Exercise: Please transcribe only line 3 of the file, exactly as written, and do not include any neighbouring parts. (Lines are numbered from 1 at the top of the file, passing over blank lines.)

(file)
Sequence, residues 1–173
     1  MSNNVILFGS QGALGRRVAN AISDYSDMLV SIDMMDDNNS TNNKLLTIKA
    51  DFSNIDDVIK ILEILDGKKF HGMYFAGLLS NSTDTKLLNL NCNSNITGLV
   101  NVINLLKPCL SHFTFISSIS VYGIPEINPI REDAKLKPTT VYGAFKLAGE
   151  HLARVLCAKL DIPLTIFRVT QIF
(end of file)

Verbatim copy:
    51  DFSNIDDVIK ILEILDGKKF HGMYFAGLLS NSTDTKLLNL NCNSNITGLV